I certainly appreciated Kent's desire to write the book, and it is beautifully written. I did find it slow moving at times and a little disturbing to read. But I found out after I finished reading this book that Elizabeth Sessions who marries Richard Carrier at the end of the book is my 8th Great-Grand Aunt. I'm sure many in this country have ancestors impacted by this dark period in history, and it is a story that should not be forgotten.
She also reviewed it: Corinne. Let me know if you did too!
Wednesday, August 20, 2008
- The Road Home - Tremain
- Half a Yellow Sun - Adichie
- Bel Canto - Patchett
- The Old Man & The Sea - Hemingway
- The Book of Ruth - Hamilton
- Cold Mountain - Frazier
- Out Stealing Horses - Petterson
- To Say Nothing of the Dog - Willis
- The Sparrow - Russell
- The Glass Castle - Walls
Friday, August 15, 2008
My three books were:
1. The Widow of the South
2. Daisy Fay and the Miracle Man
3. Gap Creek: The Story of a Marriage
I liked Daisy Fay the best and Gap Creek the least. Widow of the South was historical fiction set in Tennessee during the Civil War. Daisy Fay was set in Mississippi in the 1950s. Gap Creek was set in North and South Carolina from 1899 to 1900.
Reading these has not only been fun, but it has also been educational for me. I still consider myself pretty new to the South, but it is where we are planning on raising our kids. So I want to be considerate of the heritage and history of this part of the country because this is where we want the roots of our legacy to be.
rating: 2 of 5 stars
I picked up a nice copy of this book from my library book sale for 10 cents awhile back. I decided to read it this week as my final book for the Southern Reading Challenge because it won the Southern Book Critic Circle Award.
However, it is also an Oprah book. Next time I pick up an Oprah book, somebody please just slap me. This book is more depressing than a sunless day in January. How depressing? Read on...
Set in 1899, the book opens with 17-year old protagonist Julie Harmon describing the gruesome death of her younger brother. That's followed with the death of her father. Then she marries Hank, whom she has known for all of a few days. They move down from the mountains of North Carolina to the Appalachian valley over the border in South Carolina. Julie takes care of a nasty old widower in exchange for free rent while Hank works in town making bricks.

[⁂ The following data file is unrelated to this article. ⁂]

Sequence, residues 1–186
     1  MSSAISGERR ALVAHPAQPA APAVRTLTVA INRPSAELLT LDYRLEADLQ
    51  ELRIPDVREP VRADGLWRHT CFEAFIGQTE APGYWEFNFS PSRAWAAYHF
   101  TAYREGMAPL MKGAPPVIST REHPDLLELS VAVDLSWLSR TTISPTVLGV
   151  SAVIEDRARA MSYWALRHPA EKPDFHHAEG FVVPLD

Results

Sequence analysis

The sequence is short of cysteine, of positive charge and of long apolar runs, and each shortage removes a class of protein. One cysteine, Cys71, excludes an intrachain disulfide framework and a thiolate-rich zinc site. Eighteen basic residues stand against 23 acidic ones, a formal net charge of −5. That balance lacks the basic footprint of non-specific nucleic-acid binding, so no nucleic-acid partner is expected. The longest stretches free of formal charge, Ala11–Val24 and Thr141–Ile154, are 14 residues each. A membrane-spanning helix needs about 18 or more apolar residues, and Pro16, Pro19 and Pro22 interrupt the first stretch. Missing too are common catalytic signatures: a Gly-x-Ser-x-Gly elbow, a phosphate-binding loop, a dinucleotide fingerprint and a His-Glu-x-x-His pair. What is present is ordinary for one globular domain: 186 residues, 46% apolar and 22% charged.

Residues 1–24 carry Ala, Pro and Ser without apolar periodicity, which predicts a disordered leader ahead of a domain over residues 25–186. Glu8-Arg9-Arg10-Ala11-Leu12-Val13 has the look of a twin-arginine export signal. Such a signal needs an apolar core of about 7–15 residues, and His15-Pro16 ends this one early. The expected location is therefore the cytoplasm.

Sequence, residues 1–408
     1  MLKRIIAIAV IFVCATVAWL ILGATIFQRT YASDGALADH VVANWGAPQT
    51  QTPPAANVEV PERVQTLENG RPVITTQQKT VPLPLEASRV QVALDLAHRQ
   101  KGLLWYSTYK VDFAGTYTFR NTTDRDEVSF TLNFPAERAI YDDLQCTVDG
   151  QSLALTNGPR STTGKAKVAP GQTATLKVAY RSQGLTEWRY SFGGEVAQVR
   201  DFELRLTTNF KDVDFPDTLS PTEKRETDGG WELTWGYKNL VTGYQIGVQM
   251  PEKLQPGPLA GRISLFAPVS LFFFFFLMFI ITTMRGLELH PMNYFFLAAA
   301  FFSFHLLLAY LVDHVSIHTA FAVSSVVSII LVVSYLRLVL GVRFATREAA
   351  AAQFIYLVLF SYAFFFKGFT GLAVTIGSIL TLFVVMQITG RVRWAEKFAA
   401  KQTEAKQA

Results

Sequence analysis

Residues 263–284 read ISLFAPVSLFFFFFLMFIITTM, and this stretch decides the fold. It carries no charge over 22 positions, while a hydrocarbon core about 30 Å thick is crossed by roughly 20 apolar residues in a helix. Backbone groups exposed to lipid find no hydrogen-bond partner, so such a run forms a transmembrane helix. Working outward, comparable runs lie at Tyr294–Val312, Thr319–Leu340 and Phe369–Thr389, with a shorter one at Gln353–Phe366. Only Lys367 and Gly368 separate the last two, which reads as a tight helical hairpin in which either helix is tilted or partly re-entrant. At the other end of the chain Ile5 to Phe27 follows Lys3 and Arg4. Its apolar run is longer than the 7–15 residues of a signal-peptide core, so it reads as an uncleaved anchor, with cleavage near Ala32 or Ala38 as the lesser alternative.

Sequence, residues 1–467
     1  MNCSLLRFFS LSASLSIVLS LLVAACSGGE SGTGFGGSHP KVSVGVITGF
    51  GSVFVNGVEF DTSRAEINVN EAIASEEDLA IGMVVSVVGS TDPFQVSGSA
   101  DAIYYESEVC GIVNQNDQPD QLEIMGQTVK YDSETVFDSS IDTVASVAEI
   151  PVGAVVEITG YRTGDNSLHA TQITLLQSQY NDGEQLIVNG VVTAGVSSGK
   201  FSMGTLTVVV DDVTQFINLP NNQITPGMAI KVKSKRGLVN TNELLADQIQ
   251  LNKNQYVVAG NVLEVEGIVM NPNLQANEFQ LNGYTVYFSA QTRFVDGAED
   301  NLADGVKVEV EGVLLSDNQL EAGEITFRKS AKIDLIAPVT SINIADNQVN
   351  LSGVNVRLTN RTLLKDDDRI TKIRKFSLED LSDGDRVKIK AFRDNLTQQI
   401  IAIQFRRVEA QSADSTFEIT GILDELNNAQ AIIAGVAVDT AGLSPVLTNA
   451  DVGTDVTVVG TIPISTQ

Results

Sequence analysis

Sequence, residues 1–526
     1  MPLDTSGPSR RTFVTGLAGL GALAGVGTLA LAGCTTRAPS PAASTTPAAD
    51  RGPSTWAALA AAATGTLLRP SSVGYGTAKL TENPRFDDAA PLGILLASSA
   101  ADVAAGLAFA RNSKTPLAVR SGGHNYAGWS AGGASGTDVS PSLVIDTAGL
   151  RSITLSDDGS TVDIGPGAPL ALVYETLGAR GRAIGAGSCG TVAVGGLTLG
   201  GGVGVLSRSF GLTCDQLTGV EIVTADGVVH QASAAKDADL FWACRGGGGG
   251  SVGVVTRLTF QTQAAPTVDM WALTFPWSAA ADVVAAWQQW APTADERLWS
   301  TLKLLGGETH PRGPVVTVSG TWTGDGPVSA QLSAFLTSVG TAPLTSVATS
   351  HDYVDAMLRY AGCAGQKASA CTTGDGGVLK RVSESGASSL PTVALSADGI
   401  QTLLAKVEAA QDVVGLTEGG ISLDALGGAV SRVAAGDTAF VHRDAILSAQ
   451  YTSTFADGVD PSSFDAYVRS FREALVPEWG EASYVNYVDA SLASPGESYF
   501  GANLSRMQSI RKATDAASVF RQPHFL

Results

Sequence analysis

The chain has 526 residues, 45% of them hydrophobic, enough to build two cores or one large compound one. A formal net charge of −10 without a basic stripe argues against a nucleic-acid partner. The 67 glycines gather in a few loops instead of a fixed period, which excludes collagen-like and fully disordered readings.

We get a lot of detail into their tough and rugged lives, including an in-depth look into the slaughtering of a hog. Julie burns down the kitchen, the widower dies, they are swindled out of every dime they own, Hank smacks Julie around and loses his job, they loose what little they have left in a flood, Julie gives birth to a premature baby that subsequently dies, and then they get tossed out of the house.
And that's the end.
I'm only giving it two stars instead of one because it was well-written and I liked this passage:
The good Lord made the world so we could earn our joy, Ma said. But it's no guarantee we'll ever be happy.I know that life can be difficult and even brutal. I just would have appreciated a little more sunshine in this book.
Thursday, August 14, 2008
rating: 4 of 5 stars
This semi-autobiographical historical novel is set in China in the late 1960s. The book details the experiences of two young men who are sent to the mountains to be 're-educated' during the Cultural Revolution because they belong to bourgeois families. There they learn about life and love as they delight villagers with storytelling inspired by their contraband Western novels.
All in all, a delightful little novella with a surprising ending.
Saturday, August 9, 2008
rating: 4 of 5 stars
I was a little hesitant about reading this book based on what I had heard because I didn't want to be angry. However, I sat down this afternoon to get started and ended up finishing the whole thing. I thought the book would depress me, but somehow Jeannette Walls has a way of presenting the facts of her upbringing without victimizing herself in a way that I found refreshing.
Walls was brought up by two very eccentric parents who believed that children needed little structure or grounding. The father was an alcoholic with fantastical ideas that never came to fruition. The mother would paint and read all day long while the kids tried to keep Social Services at bay, find something to eat and get through school. The family was often on the run from creditors and the law and lived in abject poverty, taking no government assistance. Neither parent held a job for very long, even though it seems that both were capably brilliant and talented. Somehow Jeannette dug her way out, graduated from Barnard College, and wrote for MSNBC.com for 8 years.